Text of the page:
(This is a guest post by Julie Anne Jones. Julie is a thoughtful coach and trainer for direct sellers. She’s also become a good friend. I asked Julie to share some of her best ideas for direct sales pros, and as always, she’s over delivered. Enjoy this week’s guest post! -Lisa)
As a direct sales leader, you’re called upon to be many things to your direct sales team; cheer-leader, motivator, problem-solver, sometimes even shoulder to cry on. It can make you feel like you’re constantly solving the problems of your team. I don’t know about you, but when I was a leader, coming up with solutions for everyone’s problems led to me feeling responsible for their success or failure. And it was just plain exhausting.
Not only that, but managing people and giving them advice about how to solve their problems rarely works. Think about the last time someone offered you advice (even if you asked for it). What was your initial response? If you’re being totally honest with yourself, it was probably the thought (even if you didn’t say it out loud), “Well, that might work for you but it would never work for me.” I call it arguing for your limitations.
If you think about it, offering advice is what you do with your team when you start a sentence with “Here’s what you need to do…” Managers tell people what to do (with limited success). Coaches partner with people to help them find their own solutions (for much greater success).
Once I became a coach, I learned a new way of supporting others that was much more effective (not to mention healthy) for both of us. Coaching skills are the most simple and effective way to support your downline.
Here are my10 simple skills for becoming a coach to your team. These are specific, valuable tips (and traps to avoid) that will take you out of the manager role and into the coach position.
1. Get Centered – Take time to get centered and focused before a call with a member of your team. If you have an appointment scheduled, take a few moments prior to the call and think about the best way in which you can support them.
2. Make it About Them – Make your interaction about the person you’re coaching. Remember, their agenda is paramount. What do they want (not what do you want for them) and where are they stuck?
3. Help Them Define Their “What” – Make sure the person you’re coaching is clear about what they really want. Be specific and ask them questions to “chunk down” their goal. (for example: “I want to make more money” isn’t specific. “I want to earn $1500.00 a month doing two shows a week” is.)
4. Get Them Clear About Their “Why” – Want to know the most important coaching question I ever ask? “Why is that important to you?” Until someone is very clear about their “why,” they can’t move on to how they want to get what they want. And their “why” must be powerful and important to them at a high level (I like using scaling questions for this like, “On a scale of 1-10, 1 being not important and 10 being very important, how important is this to you?”). If it’s not important to them at at least a 7 or 8 level, coaching them further will be difficult.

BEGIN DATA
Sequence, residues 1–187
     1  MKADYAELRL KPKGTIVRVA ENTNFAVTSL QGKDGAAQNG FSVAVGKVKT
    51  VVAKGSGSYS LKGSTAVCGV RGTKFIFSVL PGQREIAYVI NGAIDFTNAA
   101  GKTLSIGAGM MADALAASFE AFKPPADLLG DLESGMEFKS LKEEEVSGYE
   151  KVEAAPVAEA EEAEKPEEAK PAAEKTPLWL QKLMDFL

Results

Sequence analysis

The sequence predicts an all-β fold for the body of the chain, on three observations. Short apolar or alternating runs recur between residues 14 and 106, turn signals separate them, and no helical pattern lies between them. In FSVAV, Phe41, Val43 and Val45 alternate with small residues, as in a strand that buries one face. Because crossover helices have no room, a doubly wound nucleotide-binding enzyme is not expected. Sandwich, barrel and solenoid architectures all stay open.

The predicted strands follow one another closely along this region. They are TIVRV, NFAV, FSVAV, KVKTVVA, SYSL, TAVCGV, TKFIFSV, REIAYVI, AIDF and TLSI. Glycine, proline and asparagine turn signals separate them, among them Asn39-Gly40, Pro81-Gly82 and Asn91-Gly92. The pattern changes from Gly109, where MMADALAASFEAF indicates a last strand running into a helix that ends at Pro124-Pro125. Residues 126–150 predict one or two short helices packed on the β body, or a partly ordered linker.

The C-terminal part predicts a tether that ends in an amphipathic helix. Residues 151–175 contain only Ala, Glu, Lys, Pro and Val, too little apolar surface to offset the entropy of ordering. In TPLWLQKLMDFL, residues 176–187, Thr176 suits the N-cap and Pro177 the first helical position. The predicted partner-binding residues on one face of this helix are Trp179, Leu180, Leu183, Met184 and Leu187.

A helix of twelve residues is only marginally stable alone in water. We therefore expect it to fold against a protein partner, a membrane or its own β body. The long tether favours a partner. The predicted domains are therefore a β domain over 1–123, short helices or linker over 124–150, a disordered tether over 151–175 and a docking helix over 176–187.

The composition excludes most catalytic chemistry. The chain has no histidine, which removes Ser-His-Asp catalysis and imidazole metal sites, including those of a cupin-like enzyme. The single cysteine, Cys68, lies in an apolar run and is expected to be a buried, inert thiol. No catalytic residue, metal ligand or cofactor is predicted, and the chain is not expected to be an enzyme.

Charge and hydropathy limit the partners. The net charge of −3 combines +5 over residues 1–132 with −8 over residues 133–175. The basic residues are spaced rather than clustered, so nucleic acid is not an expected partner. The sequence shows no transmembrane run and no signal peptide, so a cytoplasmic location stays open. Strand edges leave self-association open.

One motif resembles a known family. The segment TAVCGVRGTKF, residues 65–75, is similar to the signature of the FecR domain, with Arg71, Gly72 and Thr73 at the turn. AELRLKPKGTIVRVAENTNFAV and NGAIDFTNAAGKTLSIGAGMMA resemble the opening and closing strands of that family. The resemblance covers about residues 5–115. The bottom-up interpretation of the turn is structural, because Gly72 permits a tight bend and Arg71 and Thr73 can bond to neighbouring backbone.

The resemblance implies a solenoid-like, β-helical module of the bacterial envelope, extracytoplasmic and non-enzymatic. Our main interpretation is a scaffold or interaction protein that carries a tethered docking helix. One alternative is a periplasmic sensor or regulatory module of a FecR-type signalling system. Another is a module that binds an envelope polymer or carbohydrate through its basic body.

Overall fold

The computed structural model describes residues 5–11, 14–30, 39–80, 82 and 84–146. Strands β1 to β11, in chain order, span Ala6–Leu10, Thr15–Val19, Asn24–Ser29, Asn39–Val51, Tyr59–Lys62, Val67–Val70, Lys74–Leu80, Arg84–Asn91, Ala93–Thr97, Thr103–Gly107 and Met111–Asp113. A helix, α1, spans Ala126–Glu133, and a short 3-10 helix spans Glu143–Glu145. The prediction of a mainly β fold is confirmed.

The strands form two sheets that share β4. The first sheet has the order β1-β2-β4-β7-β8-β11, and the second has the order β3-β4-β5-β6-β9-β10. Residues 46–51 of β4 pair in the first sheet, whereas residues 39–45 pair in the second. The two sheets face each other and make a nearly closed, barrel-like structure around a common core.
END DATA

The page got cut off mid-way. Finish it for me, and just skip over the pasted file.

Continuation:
5. Define a Clear Action Plan – Once you know what they want and why it’s important to them, you can support them in figuring out what they can do to get it. Again, get them to be specific. Saying “I’ll make phone calls” is not specific. Saying “I’ll make three calls a day to former hosts and clients who have expressed an interest” is.
6. Ask how You Can Support Them – Believe it or not, they may need different support from you than you think. By asking them how you can support them, you give them a chance to really think about it. Their answer might surprise both of you.
7. Stay Curious – Curiosity is a coach’s greatest tool. If you’re being curious, you have to ask questions, and that’s exactly what leads the person you’re coaching to their own answers.
8. Ask Powerful Questions – A powerful question is one that is open ended (it can’t be answered with a yes or no). It’s that simple.
9. Stay Out of Judgment – Remember, it’s their business and their agenda. Whether or not you think so, if it’s important to them, it’s important.
10. Hold Them Accountable – I think the main reason my clients are successful is because they know they’re coming to a call every week and they’re paying me to coach them, so they tend to follow through with those items to which they commit. And I ask them, every week, “Did you do what you said you were going to do?” You should too.
By incorporating these simple steps into your one-on-one work with your direct sales team, you’ll begin to notice them taking more responsibility for their own success and keeping the commitments they’re making to themselves.
© 2011 Julie Anne Jones, Inc. All Rights Reserved.
Julie Anne Jones is direct sales corporate consultant, keynote speaker, and trainer, and the CEO of Julie Anne Jones, Inc. She is known for her authentic and easy-to-use scripting and business systems and specializes in specific language and tools for success in direct sales. To learn more about Julie Anne and her products and services, and to read her weekly blog posts, visit her at julieannejones.com.
Action Step: Want more of Julie Anne? Check out her upcoming free training call on The Mind Aware Teleseries on March 8. Julie shares her secrets to Coaching Your Host for Maximum Success.